Love – “I’m the fabric of life.  If you accept that, than maybe you can live again.

Howard – “It turns out Death is an elderly white woman.”

“Just make sure you notice the collateral beauty.”

Whiskey Tango Foxtrot:  No one can continuously ride a ten speed bike the wrong way on crowded New York City streets without quickly becoming tire jam.

 

 

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Eye In The Sky

Movie:  Eye In The Sky

Rating:  5 Stars (Out of 5)

Review:   We all know about the War On Terrorism, but it is an undeclared war.  We are not at war with a country, but on an ideology of terror, so nations fighting these terrorists must act under certain protocols.  The military act under Rules Of Engagement (ROE), and can only resort to military action if certain legal parameters are met, and civilian authority approves the use of force.  These restraints are necessary, but can lead to dicey situations where decision making is difficult at best.

Colonel Katherine Powell (Helen Mirren) wakes up in Surrey, England one morning to be advised that British national Susan Danford (Lex King), a terrorist that has been hunted for six long years, has been spotted in Nairobi, Kenya.  This information has been provided by Kenyan special forces coordinating with the British military, and facial recognition support provided by the U.S. Image Analysis Office at Pearl Harbor.  There is masterful coordination of real time data among the three countries, with audio and visual signals whipping around the world via satellite imagery.  And of course the “eye in the sky”, a high flying unmanned drone  that is flying over Nairobi piloted by a U.S. Air Force officer at Creech AFB, Nevada by one Lt Steve Watts (Aaron Paul), who alone has the ability to release the devastating power of a Hellfire missile.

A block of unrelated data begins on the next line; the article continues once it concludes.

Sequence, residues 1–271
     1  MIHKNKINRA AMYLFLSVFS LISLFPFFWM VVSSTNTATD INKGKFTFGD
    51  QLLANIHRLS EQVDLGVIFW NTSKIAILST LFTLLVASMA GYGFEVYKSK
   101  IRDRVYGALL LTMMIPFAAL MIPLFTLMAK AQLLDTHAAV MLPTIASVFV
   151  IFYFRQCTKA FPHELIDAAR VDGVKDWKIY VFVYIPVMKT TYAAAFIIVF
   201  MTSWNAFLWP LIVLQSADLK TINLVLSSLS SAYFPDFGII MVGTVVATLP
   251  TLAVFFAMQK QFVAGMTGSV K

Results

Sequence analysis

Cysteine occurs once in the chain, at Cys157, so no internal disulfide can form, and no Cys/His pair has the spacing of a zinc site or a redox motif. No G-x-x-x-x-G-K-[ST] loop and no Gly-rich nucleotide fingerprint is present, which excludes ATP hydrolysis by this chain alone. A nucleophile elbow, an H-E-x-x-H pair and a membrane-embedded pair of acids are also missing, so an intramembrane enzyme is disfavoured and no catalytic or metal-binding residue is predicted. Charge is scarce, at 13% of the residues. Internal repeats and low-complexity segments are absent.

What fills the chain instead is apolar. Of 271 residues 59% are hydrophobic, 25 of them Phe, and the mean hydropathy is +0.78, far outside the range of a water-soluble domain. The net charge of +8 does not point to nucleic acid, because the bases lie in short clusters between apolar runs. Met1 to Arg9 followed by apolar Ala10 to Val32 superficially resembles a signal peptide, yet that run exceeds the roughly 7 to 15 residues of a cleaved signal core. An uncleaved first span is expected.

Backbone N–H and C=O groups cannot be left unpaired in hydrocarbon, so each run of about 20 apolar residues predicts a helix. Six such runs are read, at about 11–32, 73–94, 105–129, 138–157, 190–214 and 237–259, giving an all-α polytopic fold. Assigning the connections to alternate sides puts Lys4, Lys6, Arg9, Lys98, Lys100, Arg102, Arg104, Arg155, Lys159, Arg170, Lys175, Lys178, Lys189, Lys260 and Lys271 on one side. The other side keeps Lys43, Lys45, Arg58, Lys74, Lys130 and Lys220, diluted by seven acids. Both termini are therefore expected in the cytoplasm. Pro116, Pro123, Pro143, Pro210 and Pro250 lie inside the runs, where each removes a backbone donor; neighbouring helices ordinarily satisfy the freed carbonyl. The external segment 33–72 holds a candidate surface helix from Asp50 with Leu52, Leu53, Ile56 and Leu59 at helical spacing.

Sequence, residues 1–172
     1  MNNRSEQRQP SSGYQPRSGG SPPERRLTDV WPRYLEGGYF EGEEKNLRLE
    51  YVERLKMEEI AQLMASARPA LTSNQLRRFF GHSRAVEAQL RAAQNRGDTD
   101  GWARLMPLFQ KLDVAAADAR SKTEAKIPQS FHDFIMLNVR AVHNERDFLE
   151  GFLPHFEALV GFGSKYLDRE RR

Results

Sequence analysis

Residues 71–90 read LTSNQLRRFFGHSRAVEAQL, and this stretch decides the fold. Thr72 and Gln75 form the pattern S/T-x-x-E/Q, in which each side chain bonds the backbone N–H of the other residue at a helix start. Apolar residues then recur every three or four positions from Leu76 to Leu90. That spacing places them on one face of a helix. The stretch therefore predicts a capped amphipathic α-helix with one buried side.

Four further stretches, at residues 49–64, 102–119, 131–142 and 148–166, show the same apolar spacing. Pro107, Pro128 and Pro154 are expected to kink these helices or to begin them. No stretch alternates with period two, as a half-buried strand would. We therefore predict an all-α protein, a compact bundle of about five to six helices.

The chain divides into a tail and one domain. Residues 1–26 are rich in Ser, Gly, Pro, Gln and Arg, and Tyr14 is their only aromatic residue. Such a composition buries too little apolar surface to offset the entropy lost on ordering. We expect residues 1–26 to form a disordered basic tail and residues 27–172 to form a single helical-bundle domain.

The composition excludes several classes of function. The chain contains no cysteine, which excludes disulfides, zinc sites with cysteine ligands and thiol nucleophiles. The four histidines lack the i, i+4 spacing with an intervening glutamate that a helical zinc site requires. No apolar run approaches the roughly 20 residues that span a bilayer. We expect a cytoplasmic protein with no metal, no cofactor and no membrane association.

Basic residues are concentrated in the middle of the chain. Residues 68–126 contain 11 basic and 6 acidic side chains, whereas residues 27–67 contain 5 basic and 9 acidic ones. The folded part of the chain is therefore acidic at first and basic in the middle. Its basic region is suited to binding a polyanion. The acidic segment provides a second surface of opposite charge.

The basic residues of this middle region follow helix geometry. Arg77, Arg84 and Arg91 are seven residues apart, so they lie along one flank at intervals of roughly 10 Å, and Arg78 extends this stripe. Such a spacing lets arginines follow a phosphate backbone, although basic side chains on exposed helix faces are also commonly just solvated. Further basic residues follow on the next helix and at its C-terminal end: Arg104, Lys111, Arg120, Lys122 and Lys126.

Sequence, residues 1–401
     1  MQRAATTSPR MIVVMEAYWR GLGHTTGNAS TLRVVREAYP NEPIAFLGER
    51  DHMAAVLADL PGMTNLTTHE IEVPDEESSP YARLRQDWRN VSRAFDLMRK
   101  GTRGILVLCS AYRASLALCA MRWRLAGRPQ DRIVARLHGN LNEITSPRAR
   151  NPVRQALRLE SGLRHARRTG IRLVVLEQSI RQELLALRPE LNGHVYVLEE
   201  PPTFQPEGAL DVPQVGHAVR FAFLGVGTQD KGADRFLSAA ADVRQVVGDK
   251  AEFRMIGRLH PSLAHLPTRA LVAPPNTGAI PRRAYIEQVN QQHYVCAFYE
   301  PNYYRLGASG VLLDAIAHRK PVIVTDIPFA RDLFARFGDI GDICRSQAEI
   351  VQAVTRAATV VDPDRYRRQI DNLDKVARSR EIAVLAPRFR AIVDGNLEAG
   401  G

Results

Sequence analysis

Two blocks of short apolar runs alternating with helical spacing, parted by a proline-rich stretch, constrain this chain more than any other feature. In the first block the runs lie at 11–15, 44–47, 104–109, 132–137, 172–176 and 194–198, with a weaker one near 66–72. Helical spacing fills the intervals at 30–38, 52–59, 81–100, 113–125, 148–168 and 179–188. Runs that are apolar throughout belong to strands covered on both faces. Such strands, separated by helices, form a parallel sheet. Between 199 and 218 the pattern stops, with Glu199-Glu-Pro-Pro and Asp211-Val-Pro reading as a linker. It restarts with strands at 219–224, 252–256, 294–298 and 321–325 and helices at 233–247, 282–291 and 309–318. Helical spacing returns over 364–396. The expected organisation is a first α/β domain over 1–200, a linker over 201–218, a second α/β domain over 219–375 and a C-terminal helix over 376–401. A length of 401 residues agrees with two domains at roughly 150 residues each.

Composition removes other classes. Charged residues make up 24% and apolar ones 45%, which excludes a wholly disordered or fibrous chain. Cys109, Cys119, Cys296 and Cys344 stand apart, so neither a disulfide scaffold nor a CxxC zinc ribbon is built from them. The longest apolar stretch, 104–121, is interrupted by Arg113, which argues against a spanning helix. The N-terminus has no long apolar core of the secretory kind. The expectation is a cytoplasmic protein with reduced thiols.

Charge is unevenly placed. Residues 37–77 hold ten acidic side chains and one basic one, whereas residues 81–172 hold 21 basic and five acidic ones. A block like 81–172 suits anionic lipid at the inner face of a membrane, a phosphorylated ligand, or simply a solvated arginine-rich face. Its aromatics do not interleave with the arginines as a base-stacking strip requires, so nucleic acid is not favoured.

In addition to the British terrorist, there are several other high ranking terrorists all gathered in one location, clearing plotting to create mayhem in the city within a short time interval.  Time is of the essence to stop them, but Col Powell must seek authority to take military action, and calls Lt Gen Benson (Alan Rickman) at Whitehall in London, who in turn must deal with an escalating array of civilian authorities in England as well as the United States, all concerned with the issue of collateral damage.

This is a fantastic movie, as timely as it is well done.  This is not an action movie, but rather a story that could easily be true, and accurately shows all the moving parts of how difficult decisions have to play out when deploying force in a foreign land.  The acting is brilliant, and the tension is slowly and continuously ratcheted up until the viewers are holding their breath for an outcome.  Helen Mirren and Alan Rickman give bravura performances.  A must see film.

Dialogue Nuggets:  Col Powell – “This is an operation to capture, not kill.  You’re to be our eye in the sky.”

Col Powell – “We need to put a Hellfire into that room right now!”

British Government Official – “Has there ever been a British led drone attack on British and American nationals in a friendly country?”